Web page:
Comey's statement confirms reports by NBC News and other news organizations that he told associates that Trump tried to get him to drop the FBI's investigation of Michael Flynn. Flynn resigned as Trump's national security adviser on Feb. 13 following reports that he misled Vice President Mike Pence about his conversations with Russia's ambassador to the United States.

"I hope you can see your way clear to letting this go, to letting Flynn go," Comey quotes Trump in the prepared testimony as having said at the Feb. 14 White House meeting. "He is a good guy. I hope you can let this go."

Related: How to Watch James Comey's Senate Testimony Live

Comey writes that he didn't interpret Trump's remarks to be about the larger Russia investigation, only about "what had just happened with Flynn's departure."

"Regardless, it was very concerning, given the FBI's role as an independent investigative agency," he wrote.

Image: James Comey
James Comey, then the director of the FBI, testifies before a House Intelligence Committee hearing into alleged Russian meddling in the 2016 election on March 20.Joshua Roberts / Reuters, file photo

Trump went further during a one-on-one dinner at the White House on Jan. 27, Comey writes, asking him about unverified reports that a "salacious dossier" compiled by a former British intelligence official alleged that Russian intelligence had compromising material on Trump, and particular about one allegation that Trump called "disgusting."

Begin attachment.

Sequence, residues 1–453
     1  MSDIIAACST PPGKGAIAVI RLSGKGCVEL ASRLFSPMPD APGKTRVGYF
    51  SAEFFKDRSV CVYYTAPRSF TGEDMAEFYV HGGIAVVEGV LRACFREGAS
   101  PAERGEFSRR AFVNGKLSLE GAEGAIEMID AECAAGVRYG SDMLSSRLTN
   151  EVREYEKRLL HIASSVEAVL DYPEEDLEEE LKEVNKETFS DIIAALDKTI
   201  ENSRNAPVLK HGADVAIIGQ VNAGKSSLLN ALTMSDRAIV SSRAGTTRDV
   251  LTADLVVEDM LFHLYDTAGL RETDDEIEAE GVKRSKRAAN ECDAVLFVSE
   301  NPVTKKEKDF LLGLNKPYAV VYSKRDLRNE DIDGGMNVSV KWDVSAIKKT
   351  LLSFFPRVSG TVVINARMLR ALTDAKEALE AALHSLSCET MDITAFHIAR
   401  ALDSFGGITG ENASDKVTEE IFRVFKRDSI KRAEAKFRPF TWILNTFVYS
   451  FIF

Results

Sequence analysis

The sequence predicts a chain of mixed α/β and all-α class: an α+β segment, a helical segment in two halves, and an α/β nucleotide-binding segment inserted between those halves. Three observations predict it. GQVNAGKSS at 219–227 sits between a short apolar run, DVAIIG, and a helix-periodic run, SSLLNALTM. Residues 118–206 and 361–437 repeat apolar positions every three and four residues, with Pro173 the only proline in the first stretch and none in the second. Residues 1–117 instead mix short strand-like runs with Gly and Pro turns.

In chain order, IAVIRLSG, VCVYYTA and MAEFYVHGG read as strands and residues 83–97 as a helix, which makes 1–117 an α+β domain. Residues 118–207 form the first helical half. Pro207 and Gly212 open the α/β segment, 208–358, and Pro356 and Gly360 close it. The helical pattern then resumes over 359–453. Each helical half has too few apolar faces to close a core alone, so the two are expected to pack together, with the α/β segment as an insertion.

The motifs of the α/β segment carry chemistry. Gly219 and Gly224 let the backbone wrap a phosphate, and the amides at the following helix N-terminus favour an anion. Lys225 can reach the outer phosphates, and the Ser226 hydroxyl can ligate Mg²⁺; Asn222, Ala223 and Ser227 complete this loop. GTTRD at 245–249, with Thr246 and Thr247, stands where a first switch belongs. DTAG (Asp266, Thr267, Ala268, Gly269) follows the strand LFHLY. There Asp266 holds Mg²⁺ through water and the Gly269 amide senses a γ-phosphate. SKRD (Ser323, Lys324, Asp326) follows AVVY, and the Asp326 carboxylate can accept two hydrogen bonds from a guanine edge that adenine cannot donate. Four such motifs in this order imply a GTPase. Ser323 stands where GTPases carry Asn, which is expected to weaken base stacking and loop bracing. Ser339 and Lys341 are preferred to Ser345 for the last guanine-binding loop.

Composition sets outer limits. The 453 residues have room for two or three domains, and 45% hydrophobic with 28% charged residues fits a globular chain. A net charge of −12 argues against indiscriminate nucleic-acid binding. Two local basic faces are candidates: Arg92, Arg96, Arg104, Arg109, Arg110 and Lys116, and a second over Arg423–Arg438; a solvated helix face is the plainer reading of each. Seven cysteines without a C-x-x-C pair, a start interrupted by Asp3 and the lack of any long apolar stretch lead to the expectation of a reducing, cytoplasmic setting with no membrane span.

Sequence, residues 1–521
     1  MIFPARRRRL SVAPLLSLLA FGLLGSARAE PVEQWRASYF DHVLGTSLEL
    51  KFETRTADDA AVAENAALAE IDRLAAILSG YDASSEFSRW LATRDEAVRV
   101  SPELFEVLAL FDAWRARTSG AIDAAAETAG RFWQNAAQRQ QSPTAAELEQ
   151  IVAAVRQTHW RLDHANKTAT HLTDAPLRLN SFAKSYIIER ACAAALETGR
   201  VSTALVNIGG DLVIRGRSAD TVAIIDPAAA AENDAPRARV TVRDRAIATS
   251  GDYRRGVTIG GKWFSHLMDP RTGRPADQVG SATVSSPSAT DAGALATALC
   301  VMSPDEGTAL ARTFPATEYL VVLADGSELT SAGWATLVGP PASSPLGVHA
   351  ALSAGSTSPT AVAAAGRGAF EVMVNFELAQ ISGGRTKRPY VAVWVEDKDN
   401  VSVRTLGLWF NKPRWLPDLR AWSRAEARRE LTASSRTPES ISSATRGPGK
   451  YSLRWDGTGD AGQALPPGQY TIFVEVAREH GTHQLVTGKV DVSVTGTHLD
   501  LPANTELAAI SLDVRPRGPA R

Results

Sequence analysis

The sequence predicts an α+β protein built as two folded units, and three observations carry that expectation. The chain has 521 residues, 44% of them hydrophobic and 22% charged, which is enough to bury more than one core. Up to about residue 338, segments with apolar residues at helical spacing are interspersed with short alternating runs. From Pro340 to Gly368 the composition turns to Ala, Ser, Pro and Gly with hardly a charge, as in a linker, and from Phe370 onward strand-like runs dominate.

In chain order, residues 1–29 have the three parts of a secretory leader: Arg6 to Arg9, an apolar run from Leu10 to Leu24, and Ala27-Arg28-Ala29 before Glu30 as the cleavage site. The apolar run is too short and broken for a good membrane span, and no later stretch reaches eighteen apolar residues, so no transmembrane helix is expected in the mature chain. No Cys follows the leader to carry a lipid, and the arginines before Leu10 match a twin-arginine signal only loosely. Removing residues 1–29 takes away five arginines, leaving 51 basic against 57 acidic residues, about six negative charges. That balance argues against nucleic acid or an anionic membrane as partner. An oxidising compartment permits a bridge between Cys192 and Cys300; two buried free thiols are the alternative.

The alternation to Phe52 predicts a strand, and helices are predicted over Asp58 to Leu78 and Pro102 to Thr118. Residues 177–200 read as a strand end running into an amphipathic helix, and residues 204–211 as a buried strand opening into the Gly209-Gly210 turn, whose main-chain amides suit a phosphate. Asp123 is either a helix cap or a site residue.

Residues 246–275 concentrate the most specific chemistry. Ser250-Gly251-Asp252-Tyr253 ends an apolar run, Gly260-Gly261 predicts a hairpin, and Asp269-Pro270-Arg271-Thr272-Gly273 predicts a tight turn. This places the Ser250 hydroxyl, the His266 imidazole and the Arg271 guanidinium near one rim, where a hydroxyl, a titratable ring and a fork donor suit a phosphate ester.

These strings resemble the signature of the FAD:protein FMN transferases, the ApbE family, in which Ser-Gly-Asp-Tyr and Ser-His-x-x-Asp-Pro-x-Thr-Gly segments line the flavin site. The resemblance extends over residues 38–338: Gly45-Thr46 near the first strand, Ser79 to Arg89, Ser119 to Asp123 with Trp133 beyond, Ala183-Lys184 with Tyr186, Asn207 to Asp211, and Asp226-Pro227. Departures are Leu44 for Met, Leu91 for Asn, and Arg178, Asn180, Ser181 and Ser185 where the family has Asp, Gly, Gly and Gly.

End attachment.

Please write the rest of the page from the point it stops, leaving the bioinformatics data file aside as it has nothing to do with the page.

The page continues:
Trump said he was "considering ordering me to investigate the alleged incident to prove it didn't happen," Comey writes. Comey writes that he declined "because it was very difficult to prove a negative."

Later, during the March 30 phone call, Trump got even more specific, telling Comey that he would like to know whether "'satellite' associates of his" were under suspicion, according to Comey.

Trump appeared to threaten Comey's job

Comey writes that the president indicated that his job could be in jeopardy if he didn't do as Trump wished, most directly at the Jan. 27 dinner at the White House.

"He said that lots of people wanted my job and, given the abuse I had taken during the previous year, he would understand if I wanted to walk away," Comey writes.

"The President said, 'I need loyalty, I expect loyalty,'" Comey writes. "I didn't move, speak, or change my facial expression in any way during the awkward silence that followed. We simply looked at each other in silence."

Comey adds: "My instincts told me that the one-on-one setting, and the pretense that this was our first discussion about my position, meant the dinner was, at least in part, an effort to have me ask for my job and create some sort of patronage relationship."

Trump was unusually hands-on

Comey writes that he had nine one-on-one conversations with Trump in just four months — three in person and six by telephone.

In stark contrast, he writes that in more than three years as the FBI's director under former President Barack Obama, "I spoke alone with President Obama twice in person (and never on the phone)" — and one of those discussions was a brief meeting to say goodbye late last year as Obama's second term was winding to a close.